Surfing the Waves of Life

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It’s felt like a challenging month in my world.  I won’t bore you with all the details, but it’s felt like a pretty bumpy ride recently. What’s made it OK is my deepening understanding of the principles behind the human experience.

I can’t remember who first shared this metaphor with me – but it’s had such sustainable resonance, and I’m very grateful.

In Life, we all experience highs and lows, ups and downs… you can think of them like the waves on the ocean.

Sometimes the ocean is calm and serene, with no turbulence, and we can just enjoy paddling about, held up by the buoyancy of the water.

Sometimes the weather creates chop and turmoil, and the waves can seem to threaten our well-being, or even our survival.  We can feel thrown back and forth, like so much flotsam and jetsam on the ocean’s surface.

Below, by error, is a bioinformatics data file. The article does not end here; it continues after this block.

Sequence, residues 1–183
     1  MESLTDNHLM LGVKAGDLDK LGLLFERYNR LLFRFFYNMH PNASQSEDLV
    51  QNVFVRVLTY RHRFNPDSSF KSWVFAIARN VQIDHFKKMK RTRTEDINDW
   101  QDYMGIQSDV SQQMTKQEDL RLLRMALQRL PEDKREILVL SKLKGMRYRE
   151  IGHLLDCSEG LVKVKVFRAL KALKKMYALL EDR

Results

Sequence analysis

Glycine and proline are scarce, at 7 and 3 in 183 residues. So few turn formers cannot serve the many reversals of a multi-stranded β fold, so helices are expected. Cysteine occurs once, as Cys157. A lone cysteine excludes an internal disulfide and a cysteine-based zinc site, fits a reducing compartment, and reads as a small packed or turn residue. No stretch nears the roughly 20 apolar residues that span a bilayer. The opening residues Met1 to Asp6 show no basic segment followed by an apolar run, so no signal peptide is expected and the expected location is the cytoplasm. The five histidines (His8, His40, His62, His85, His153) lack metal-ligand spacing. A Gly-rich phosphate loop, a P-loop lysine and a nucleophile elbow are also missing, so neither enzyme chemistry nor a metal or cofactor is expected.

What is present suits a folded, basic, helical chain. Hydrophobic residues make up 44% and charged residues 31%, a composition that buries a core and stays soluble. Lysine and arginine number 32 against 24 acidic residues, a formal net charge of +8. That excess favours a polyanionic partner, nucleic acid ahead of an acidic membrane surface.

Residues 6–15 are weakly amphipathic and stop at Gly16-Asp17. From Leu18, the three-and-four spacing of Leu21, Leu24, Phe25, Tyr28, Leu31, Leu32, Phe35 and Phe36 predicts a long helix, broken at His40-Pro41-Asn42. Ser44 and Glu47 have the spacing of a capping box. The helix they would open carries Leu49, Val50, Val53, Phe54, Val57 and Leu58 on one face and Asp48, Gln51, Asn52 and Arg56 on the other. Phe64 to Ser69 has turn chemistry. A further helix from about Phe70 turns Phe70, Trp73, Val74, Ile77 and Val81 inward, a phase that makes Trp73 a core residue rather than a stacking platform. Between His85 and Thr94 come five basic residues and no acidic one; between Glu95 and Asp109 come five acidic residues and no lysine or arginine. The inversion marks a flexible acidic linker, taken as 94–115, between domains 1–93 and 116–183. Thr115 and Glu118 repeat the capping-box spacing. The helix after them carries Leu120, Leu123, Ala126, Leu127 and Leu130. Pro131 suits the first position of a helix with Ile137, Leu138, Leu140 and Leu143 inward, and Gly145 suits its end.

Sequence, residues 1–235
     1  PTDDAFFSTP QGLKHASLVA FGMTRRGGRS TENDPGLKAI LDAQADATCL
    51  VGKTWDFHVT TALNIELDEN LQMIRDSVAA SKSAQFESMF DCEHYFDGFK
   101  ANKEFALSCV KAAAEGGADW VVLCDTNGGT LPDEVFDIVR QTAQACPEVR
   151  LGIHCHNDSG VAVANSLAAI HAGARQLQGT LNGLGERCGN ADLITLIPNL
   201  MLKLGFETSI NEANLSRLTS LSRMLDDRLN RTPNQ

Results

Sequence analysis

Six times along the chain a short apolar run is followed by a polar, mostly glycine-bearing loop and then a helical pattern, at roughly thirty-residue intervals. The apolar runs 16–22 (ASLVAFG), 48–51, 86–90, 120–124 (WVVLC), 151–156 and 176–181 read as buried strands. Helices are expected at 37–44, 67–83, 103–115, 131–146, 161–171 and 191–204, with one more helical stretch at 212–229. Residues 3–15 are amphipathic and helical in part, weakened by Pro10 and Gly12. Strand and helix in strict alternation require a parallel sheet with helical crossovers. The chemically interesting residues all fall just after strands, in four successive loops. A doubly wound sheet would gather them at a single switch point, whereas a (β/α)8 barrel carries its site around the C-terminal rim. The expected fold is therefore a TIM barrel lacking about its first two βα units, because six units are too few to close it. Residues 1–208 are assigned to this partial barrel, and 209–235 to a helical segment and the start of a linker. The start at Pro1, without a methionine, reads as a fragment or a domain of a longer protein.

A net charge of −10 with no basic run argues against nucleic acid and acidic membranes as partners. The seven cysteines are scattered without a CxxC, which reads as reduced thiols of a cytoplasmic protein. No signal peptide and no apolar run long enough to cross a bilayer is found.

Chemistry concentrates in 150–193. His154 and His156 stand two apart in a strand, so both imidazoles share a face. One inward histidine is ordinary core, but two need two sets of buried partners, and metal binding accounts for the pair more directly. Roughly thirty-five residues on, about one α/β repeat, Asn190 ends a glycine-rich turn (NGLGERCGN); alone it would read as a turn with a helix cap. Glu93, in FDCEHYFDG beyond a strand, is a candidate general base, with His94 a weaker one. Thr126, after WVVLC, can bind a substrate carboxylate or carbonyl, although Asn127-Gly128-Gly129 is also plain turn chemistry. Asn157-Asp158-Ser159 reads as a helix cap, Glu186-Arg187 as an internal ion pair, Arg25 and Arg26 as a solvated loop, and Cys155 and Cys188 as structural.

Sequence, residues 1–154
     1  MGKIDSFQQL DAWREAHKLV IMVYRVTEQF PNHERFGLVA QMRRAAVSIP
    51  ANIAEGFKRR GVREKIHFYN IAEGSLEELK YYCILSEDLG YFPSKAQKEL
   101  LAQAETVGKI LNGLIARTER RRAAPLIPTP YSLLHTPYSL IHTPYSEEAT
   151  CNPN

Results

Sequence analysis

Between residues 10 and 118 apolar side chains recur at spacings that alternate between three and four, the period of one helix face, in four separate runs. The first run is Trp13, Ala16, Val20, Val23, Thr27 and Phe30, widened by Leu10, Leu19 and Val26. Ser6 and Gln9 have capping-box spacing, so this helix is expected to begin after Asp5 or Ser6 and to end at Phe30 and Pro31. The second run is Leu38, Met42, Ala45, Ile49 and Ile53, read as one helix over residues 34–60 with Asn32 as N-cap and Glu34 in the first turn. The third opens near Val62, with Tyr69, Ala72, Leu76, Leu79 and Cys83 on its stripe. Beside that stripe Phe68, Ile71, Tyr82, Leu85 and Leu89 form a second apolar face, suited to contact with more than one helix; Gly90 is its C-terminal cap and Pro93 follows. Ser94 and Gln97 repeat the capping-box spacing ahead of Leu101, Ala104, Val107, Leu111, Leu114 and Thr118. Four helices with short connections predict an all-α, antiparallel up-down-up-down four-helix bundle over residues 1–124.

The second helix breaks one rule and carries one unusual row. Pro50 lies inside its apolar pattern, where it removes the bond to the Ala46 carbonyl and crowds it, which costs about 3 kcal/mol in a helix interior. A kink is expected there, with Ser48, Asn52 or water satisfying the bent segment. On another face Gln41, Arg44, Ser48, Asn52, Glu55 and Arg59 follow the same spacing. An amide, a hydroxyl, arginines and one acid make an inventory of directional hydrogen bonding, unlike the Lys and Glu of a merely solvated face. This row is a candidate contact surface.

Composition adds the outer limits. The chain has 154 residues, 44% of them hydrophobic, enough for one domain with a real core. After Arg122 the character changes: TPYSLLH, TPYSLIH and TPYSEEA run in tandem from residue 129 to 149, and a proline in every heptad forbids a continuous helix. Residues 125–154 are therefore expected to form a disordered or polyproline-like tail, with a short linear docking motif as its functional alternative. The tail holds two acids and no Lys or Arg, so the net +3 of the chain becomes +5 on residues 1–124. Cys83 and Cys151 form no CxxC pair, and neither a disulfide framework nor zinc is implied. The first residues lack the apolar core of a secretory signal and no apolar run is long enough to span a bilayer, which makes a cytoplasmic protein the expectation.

From the perspective on the surface of the ocean, it can seem like everything is in chaos and upheaval.

Now change your perspective.  In reality, the water beneath you is miles deep.  The storms affect the surface and a little below that – but the deeper you go, the quieter and more peaceful the water becomes.

There is always calm underneath the rolling waves.  There is always inner peace, timeless and infinite well-being and inspiration.

It seems to me more and more a matter of where you LIVE.

Do you believe that real life is the waves – the circumstances of your life?

Or do you somehow glimpse or know that what’s underneath is much more real than that?

For me, this is not merely a clever ‘reframing’ or ‘positive thinking’ exercise.  It’s that I know the latter is just more TRUE than the former.

Because of the transient fluid nature of Thought, we will always experience the waves. This started to work out as soon as I started to work with canary wharf personal training to keep myself healthy, this is how my process started.

Life used to be about controlling the ocean – or at least, my little part of it.  The goal was to create the conditions where life was plain-sailing.

These days, I’m finding more and more that I can embrace what is, and even enjoy the surfing that a more choppy sea allows!


*Slang from 1960’s surf culture, cried out enthusiastically when surfing — The surfer’s cry “Cowabunga” as they climb a 12 foot wall of water and “take the drop.”

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